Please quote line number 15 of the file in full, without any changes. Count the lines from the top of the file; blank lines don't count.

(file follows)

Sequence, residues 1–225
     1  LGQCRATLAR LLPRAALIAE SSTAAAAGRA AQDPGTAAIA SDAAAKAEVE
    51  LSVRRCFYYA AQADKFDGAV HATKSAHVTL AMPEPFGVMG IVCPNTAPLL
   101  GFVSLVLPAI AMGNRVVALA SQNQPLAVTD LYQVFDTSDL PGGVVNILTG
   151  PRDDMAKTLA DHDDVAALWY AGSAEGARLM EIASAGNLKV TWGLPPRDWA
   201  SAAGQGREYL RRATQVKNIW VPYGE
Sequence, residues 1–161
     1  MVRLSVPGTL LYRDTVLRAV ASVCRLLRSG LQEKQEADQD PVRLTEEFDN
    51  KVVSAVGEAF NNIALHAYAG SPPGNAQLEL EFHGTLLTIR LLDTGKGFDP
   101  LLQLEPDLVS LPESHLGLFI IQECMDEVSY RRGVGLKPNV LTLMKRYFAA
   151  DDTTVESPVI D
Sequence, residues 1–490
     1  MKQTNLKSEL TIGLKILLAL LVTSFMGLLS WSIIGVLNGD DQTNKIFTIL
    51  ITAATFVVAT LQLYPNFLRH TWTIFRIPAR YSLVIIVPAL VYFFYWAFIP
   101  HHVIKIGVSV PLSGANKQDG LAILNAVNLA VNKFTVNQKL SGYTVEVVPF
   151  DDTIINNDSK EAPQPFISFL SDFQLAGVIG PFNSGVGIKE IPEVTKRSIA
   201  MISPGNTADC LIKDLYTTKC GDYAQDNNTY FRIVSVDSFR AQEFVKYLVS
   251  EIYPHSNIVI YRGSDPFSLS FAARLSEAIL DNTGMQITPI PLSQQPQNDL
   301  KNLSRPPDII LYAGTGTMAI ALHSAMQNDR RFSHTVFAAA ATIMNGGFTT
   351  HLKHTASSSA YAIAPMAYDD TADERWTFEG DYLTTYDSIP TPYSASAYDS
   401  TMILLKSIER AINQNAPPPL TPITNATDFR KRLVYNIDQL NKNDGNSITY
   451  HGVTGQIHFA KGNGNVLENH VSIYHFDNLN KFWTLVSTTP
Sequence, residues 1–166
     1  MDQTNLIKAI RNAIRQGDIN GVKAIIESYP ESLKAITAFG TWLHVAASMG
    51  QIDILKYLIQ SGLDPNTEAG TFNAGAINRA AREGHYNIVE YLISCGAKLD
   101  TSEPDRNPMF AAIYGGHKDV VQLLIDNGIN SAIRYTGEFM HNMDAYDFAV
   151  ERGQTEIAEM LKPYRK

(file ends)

   101  HHVIKIGVSV PLSGANKQDG LAILNAVNLA VNKFTVNQKL SGYTVEVVPF